There's been a lot of silliness and angst aboutsupposedly dropping the Start button, the first time this central user interface has been absent from Windows since its debut in 1995. There's just one problem: The Start button isn't going anywhere. In fact, it's being made more prominent than ever in Windows 8.
To understand what I mean by this, consider the recent news that the Start button--more correctly called the Start Orb, but whatever--has been removed from Consumer Preview-era builds of Windows 8. I corroborated this rumor in my own post, logically titled Start Orb Removed In Windows 8 Consumer Preview.
While it's technically true that the Start button/Orb, which used to adorn the left end of the taskbar on the Windows desktop, is missing in action, most people are missing out on two salient points. First, the Windows desktop is not the primary user interface in Windows 8 anymore. That's the Start screen.
Second, the Start button isn't gone, and it's not going away at all. In fact, it will be present on every single Windows 8 device sold going forward. Here's a picture of it:
Look! A real Start button, on a real Windows 8 slate!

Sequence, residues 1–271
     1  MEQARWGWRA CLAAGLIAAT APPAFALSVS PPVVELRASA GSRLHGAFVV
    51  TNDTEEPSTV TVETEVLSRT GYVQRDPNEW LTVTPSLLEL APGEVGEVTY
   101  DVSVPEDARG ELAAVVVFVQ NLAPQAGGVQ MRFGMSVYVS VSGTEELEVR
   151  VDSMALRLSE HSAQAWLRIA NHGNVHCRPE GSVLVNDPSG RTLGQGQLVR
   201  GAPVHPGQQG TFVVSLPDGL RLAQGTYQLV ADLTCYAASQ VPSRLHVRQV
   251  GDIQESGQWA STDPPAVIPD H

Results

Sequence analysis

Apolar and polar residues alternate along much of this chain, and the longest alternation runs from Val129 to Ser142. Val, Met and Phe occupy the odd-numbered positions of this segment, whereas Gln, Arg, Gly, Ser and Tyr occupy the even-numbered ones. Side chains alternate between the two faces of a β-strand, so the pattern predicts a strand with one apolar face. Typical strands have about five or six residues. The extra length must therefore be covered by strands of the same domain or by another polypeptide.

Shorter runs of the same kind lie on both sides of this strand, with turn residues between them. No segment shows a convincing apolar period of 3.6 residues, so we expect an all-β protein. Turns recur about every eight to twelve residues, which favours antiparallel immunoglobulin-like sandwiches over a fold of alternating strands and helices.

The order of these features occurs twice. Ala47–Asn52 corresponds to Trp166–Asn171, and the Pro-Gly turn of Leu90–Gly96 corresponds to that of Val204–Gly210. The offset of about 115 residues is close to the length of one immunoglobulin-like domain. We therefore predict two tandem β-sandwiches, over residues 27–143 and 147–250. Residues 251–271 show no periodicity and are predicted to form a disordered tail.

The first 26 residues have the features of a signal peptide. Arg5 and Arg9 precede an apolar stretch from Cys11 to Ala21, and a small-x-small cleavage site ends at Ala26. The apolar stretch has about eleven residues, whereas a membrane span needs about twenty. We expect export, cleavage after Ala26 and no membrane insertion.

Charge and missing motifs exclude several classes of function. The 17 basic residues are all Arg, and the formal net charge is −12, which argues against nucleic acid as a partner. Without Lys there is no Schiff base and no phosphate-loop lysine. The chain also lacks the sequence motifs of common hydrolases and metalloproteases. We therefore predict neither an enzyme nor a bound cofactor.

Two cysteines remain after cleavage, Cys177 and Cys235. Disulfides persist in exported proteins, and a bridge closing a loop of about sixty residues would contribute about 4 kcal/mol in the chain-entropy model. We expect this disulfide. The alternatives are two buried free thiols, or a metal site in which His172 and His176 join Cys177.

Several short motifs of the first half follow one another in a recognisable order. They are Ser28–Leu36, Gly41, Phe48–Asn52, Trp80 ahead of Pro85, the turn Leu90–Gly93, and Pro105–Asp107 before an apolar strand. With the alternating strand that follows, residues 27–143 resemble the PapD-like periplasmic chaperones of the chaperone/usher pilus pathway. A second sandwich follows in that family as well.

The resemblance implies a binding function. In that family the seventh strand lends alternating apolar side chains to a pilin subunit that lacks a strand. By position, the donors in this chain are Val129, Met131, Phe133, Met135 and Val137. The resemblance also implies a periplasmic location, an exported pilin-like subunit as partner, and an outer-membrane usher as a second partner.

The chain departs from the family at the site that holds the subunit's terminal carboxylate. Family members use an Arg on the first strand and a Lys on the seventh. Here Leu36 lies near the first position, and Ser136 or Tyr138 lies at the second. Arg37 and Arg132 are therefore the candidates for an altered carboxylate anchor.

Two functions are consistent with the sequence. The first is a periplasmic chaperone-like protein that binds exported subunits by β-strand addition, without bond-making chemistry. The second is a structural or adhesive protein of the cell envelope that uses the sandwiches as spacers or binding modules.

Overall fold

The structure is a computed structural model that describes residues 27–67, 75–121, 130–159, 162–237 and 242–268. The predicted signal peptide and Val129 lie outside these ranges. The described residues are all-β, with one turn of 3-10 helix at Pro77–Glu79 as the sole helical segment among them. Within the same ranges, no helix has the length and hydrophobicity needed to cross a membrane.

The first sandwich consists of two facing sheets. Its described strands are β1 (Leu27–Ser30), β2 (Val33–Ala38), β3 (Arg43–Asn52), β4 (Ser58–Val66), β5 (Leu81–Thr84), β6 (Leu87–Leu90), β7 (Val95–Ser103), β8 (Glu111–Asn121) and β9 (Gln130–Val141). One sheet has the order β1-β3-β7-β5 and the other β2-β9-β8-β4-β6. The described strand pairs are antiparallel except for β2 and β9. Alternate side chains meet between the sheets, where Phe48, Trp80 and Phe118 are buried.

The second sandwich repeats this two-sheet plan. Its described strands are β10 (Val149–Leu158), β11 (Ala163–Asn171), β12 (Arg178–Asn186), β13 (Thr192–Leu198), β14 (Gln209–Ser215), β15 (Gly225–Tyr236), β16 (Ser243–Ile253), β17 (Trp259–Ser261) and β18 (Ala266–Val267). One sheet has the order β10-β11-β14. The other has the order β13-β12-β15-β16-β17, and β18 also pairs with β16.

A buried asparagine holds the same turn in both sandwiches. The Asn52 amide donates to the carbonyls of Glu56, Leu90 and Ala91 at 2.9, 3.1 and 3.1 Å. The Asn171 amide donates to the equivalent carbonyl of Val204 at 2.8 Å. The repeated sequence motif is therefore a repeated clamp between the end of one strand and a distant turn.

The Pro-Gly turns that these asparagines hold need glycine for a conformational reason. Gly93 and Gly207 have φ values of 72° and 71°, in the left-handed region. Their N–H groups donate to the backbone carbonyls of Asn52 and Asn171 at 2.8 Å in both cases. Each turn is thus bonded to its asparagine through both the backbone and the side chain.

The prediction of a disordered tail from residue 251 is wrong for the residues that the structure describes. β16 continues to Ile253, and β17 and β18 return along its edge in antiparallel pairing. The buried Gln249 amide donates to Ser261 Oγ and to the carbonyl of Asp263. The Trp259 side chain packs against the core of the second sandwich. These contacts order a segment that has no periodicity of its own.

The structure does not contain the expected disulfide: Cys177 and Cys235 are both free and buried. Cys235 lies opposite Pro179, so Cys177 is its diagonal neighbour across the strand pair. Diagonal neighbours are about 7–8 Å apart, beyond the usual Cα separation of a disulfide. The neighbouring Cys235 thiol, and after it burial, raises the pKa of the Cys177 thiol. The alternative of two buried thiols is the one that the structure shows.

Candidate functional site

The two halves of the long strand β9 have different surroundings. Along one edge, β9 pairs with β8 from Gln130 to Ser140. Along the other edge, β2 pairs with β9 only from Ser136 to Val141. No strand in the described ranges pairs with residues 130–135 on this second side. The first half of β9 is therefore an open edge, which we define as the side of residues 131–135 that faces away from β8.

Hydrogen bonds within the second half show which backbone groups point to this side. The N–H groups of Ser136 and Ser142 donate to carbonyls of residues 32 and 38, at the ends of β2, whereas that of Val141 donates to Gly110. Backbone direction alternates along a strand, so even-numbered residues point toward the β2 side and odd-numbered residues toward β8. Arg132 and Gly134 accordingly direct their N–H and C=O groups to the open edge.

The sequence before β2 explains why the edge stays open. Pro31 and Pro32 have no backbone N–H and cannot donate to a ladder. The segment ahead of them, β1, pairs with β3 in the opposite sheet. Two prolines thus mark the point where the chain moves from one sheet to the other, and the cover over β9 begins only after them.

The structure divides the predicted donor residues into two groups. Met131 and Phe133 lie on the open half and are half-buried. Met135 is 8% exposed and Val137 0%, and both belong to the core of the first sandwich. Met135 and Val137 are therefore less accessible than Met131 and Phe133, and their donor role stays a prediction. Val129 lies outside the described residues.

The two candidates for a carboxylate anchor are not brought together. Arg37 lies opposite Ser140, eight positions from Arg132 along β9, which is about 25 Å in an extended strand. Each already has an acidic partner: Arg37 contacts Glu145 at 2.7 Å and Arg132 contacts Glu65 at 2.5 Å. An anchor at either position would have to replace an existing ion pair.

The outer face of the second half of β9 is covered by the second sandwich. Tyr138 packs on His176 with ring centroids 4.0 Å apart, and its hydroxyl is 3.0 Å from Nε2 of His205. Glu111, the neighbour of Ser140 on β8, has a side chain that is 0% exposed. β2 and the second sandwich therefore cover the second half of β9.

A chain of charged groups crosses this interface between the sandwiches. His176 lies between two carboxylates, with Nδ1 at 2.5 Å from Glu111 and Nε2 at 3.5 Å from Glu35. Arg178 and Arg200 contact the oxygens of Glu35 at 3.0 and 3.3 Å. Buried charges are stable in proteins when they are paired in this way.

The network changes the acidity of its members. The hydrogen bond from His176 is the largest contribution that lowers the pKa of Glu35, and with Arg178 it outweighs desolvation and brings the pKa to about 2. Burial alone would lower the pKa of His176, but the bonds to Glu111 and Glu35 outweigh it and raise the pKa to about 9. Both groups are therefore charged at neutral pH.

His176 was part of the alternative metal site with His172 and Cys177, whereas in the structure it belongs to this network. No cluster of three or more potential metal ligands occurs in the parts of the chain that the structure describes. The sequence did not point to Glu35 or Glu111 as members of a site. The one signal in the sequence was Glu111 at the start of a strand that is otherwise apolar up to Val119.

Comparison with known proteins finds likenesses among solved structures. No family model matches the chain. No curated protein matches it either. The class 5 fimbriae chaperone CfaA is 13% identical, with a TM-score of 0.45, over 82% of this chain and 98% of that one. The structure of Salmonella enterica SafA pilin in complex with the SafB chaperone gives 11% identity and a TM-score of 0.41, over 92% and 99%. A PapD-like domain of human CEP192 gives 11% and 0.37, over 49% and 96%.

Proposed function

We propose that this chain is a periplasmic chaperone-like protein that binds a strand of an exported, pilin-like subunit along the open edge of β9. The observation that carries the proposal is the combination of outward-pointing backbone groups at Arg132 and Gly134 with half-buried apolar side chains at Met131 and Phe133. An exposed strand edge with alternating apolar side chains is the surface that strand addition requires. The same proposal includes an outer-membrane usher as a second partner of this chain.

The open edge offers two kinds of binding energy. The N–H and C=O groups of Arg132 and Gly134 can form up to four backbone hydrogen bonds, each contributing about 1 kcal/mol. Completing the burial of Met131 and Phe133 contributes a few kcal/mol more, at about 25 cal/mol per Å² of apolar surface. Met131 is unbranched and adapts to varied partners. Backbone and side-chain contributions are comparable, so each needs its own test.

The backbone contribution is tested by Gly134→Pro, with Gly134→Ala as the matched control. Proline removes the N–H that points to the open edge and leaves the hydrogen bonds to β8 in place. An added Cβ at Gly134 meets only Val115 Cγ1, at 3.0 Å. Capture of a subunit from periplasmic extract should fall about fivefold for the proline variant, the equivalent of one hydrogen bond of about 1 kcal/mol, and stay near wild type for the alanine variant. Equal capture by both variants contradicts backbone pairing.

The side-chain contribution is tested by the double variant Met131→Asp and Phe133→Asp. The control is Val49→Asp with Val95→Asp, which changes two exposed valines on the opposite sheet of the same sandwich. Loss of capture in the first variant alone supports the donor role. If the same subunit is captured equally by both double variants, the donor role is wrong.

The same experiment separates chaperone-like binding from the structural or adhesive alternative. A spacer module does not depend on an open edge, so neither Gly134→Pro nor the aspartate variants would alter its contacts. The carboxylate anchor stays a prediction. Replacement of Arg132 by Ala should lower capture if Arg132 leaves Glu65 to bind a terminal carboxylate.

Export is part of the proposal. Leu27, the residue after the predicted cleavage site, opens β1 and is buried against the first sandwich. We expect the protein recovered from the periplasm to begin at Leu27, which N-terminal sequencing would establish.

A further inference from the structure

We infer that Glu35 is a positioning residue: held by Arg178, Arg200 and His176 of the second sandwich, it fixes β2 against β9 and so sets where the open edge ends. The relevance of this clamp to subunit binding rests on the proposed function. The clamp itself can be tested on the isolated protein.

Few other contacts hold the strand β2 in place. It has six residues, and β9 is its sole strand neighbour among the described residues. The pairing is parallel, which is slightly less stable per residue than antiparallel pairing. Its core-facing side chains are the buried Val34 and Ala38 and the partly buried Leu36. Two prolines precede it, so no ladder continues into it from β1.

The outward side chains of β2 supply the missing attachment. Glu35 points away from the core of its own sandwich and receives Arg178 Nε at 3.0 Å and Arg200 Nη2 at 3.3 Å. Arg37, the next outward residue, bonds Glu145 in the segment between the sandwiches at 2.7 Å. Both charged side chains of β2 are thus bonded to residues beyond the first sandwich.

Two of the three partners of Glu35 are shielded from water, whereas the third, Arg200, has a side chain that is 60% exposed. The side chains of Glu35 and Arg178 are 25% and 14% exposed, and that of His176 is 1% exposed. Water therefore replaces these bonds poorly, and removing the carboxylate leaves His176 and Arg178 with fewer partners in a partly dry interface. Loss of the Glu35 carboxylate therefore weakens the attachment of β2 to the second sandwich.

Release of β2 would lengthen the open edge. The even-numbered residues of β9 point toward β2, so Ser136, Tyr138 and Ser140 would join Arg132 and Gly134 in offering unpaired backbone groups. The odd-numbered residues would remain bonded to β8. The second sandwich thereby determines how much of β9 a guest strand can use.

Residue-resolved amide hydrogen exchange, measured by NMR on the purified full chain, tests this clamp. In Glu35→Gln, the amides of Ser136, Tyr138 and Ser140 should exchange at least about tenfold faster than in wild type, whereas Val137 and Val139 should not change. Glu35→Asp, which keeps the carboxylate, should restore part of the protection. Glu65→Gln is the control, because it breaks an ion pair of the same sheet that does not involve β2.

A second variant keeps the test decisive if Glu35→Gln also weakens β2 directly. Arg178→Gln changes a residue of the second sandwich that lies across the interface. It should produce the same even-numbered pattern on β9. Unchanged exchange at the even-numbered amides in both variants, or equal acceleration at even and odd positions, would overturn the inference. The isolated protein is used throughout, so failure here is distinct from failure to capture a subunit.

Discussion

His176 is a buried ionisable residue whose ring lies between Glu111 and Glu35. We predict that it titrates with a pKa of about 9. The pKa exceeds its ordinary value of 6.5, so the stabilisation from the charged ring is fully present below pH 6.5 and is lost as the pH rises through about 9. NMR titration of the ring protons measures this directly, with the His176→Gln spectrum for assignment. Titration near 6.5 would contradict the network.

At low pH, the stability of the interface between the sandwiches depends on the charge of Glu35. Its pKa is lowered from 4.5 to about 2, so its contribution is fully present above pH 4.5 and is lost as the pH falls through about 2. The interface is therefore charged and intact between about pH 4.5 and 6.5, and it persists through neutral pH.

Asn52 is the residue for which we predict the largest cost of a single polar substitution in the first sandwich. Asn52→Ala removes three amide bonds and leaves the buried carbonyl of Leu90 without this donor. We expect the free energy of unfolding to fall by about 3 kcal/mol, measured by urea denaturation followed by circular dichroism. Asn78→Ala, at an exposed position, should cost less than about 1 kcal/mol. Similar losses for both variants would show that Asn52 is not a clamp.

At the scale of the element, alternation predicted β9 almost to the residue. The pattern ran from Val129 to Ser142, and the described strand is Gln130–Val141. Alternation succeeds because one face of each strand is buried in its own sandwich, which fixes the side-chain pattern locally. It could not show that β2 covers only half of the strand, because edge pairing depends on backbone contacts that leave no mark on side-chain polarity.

And here's why I know this. As my Windows 8 Secrets co-author Rafael Rivera revealed last month, a Windows Key button is required for any PC or device to get the Certified for Windows 8 logo from Microsoft. This hardware button replaces the Windows button, and it will be present on all PCs and devices that come with Windows 8 preinstalled. And unlike the old taskbar-based software button, this hardware button, the Windows Key button, will be always on and always available, no matter which Windows 8 user experience--Start Screen or desktop--you're using.
That's why the Start button was removed from the desktop. It's superfluous now.
As for you people who will upgrade to Windows 8 on your legacy PCs, you already have a Windows key on your keyboard too. And for the tiny, tiny minority of you that don't, well, please feel free to use the CTRL + ESC keyboard combo. That works fine too. Even in Windows 8.
I'm not sure why this was such a big deal. But it's just common sense, really.
Update: I've had to explain to a couple of people via email that mouse users aren't in the lurch either. From the desktop, you can still mouse over the lower left corner of the screen to access a Start screen pop-up which, when clicked, works just like the Start button did in the Developer Preview. Everyone's included. No compromises.